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Overview

The original literacy skills – the three R’s (reading, ‘riting and ‘rithmetic) – allow an individual to survive. These are still largely considered to be the minimum skills required for individuals to secure employment that provides food, shelter and the basic necessities.

However, for the workforce of today and tomorrow, more skills are required on top of those original three. So, while proficiency in prose literacy (the reading part of the 3 Rs) learned in school is a highly desirable skill for becoming an educated, informed individual, having that skill does not necessarily mean that the person can read and understand a blueprint, data sheet or technical instruction manual at work. It takes more to be successful in the workplace and in society overall.

But what more? What are the essential workplace skills needed, i.e. the skills important regardless of the type or size of your organization, the position you hold there, or even how long you have worked for the organization?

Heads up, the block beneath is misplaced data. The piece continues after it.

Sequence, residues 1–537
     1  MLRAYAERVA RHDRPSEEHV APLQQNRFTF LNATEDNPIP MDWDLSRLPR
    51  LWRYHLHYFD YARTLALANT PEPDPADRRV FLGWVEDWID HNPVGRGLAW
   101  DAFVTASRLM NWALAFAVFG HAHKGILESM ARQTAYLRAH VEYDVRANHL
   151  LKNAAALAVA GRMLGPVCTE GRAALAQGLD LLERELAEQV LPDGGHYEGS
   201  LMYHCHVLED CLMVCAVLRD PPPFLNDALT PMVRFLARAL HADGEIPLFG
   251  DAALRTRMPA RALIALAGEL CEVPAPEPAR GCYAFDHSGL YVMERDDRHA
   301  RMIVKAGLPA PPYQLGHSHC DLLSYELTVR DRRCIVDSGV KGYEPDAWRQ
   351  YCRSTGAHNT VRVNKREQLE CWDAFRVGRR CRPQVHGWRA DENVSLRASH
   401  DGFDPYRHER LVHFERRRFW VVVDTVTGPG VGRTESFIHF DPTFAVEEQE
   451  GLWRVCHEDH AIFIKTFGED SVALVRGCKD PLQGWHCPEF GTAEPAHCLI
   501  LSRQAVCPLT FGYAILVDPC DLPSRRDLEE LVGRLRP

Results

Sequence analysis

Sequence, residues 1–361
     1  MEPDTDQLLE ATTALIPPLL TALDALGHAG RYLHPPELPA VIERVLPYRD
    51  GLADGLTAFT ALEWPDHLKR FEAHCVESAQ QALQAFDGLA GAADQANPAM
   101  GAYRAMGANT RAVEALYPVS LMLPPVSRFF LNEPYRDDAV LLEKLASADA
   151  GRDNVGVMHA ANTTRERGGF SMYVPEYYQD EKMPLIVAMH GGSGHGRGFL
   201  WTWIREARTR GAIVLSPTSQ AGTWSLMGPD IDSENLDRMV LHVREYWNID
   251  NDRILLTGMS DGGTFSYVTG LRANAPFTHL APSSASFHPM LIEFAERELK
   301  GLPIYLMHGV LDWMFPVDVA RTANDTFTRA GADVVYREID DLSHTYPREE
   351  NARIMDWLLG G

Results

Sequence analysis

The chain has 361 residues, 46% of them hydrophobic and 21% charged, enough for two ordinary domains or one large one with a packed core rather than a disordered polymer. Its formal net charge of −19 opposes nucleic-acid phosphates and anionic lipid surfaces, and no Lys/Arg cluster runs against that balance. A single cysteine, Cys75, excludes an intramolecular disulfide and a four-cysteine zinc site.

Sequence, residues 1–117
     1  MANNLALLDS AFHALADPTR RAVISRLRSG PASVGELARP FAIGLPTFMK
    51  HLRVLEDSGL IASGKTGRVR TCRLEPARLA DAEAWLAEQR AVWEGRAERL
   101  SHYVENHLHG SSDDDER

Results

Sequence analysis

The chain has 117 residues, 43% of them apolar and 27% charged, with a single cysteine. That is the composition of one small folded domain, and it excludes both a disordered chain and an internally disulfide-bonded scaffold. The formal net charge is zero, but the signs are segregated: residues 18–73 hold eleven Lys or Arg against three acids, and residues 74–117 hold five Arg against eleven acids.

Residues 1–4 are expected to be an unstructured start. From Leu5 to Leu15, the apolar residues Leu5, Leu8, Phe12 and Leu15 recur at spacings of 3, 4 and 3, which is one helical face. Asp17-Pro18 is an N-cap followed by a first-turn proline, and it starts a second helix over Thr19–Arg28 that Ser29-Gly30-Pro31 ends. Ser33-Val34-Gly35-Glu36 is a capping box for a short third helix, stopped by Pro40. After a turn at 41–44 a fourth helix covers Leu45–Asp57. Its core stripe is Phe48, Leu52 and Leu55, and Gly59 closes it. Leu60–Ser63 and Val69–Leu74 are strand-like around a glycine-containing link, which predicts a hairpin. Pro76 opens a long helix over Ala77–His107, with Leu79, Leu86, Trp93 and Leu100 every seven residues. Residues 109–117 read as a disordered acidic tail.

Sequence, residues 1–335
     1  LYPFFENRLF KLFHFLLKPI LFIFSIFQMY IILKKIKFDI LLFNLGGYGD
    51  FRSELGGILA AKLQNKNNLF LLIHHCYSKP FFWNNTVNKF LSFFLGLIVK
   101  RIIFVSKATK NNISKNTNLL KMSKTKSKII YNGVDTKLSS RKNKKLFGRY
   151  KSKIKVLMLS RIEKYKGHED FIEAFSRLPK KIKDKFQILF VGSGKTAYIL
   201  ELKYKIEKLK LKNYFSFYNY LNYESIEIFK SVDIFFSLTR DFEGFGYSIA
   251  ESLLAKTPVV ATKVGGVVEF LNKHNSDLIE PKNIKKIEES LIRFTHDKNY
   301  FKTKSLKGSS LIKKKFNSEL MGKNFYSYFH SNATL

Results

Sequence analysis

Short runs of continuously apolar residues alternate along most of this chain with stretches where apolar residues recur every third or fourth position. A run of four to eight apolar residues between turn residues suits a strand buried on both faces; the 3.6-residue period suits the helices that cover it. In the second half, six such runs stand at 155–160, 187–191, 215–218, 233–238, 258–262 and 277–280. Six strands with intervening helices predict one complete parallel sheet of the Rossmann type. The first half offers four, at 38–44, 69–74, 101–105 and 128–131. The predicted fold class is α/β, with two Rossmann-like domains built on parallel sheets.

The 9 Essential Skills

Essential Skill Levels

Workplace Essential Skills are described and categorized according to the tasks performed in a specific occupation or workplace process. They are measured according to levels of complexity on a scale of 1 to 5, with Level 1 being “basic tasks” and Level 5 being “advanced tasks.” A complexity level is often assigned to each task performed by a worker in a specific job.

For example, a bricklayer and a travel agent both need the workplace Essential Skill of writing to effectively do their jobs. The specific form and complexity of writing, however, is different for each of these occupations. The “levels” scale takes into account the length and purpose of writing, as well as the style, structure and content of what is being written, preparation time, familiarity of content, degree of professional risk and narrowness of subject range.

A bricklayer typically requires a Level 2 in writing, as the job involves relatively less complex writing tasks including revising work orders, writing estimate sheets on the cost of materials or labour and filling out simple forms such as incident reports.  A travel agent on the other hand, generally requires a Level 4 in writing as the job involves more complex writing tasks including writing magazine articles and advertisements.

Head Office

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